Over the years

Over the years, we have photographed most species of wild animals listed in the ICUN’s Red Data Book of Endangered Species such as Rhinos, Elephants, Giraffes, Mountain Gorillas, Cheetahs, Leopards and Lions. The Red List categories define the extinction risk of species assessed, from the critically endangered, endangered and vulnerable species considered to be threatened with extinction.

Humanity is quite literally sweeping the last wild places and their inhabitants off the planet. The long-term survival of polar bears, tigers, gorillas and elephants’ is threatened due to loss of habitat, the bushmeat trade, human/wildlife conflict, and the illegal horn and bone trade.

In particular, Africa’s elephant population has dramatically declined from 1.2 million in the 1970s to around 400,000 today. If we can preserve habitat, the living space required by wild animals to thrive, then all the species that live there have a chance of surviving. Without a home, there is no hope.

There is a need for photographs that speak to people on the wonder and beauty of the natural world – such as Angie’s serene image of a family of elephants drinking, which won the Wildlife Photographer of the Year competition in 2002.


People Care About the Earth More Than Ever

The environment is hitting the headlines hard – as witnessed by Netflix’s new series, Our Planet narrated by Sir David Attenborough. It’s predicted to reach 1 billion people worldwide, and in the age of social media, programs like this provide a huge opportunity for environmentalists to spread their message. It is no longer so easy for industry or governments to put their fingers in their ears. Photography is helping to generate and propagate a flood of information about the state of our planet into the world’s living room.

Young people are demanding change, we are seeing school student strikes as a form of protest. Blogs and podcasts by young people now have audiences of hundreds of thousands, if not millions. As Dr Jane Goodall said “We haven’t inherited this planet from our parents, we’ve borrowed it from our children. We have not borrowed our children’s future — we have stolen it and we’re still stealing it now, and it’s time we got together, whatever our religion, whatever our culture and start changing our attitude — so that we leave a better world for our children, whom we love.”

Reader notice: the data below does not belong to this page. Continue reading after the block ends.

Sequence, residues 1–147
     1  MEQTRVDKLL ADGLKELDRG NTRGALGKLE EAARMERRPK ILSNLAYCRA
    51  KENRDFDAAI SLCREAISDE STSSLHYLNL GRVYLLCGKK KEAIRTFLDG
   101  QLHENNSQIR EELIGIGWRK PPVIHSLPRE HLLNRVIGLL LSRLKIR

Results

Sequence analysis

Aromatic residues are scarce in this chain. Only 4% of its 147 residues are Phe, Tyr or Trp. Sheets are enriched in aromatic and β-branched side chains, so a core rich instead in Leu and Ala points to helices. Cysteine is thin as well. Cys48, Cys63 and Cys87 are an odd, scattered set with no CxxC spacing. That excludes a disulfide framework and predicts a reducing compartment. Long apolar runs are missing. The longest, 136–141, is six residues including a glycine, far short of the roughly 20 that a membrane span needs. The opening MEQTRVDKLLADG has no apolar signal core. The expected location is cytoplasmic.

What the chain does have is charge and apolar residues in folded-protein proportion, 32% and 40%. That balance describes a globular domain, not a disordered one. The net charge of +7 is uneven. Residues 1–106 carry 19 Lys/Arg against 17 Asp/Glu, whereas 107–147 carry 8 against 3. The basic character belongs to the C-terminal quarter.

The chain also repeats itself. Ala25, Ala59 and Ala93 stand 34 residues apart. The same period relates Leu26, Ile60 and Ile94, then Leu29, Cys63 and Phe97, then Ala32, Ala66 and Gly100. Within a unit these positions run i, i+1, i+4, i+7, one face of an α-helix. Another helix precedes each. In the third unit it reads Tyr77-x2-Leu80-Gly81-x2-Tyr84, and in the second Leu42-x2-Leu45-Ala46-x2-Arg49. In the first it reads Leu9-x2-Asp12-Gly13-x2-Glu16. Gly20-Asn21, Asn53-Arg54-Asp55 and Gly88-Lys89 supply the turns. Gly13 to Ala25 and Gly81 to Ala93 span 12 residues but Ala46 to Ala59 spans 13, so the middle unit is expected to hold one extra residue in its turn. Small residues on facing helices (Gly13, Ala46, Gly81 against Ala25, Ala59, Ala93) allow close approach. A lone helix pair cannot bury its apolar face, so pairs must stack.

A keen interest in wild places and wildlife can be found across the generations. There is a campaign running in the UK to offer kids a GCSE in Natural History, making it part of every school’s curriculum, something we strongly advocate. A degree in Natural History and Media is also soon to be available at the University of South Wales.


Engage the Next Generation

We want young people to engage with wildlife and nature through the power of photography and learn about the issues and challenges the natural world faces daily. We are contributing authors and illustrators to an award-winning children’s education series of books titled Collins Big Cats. To date, we have published 36 books for adults and children.

Today, some children barely leave their bedroom, playing computer games, anxious about where they can plug in their devices to stay connected. Children need to experience the animals and organisms all around them. It does not have to be big cats in Africa – nature is universal; it is everywhere. For instance, every child should experience the wonder of looking down a microscope at a drop of pond water to glimpse a hidden world filled with life.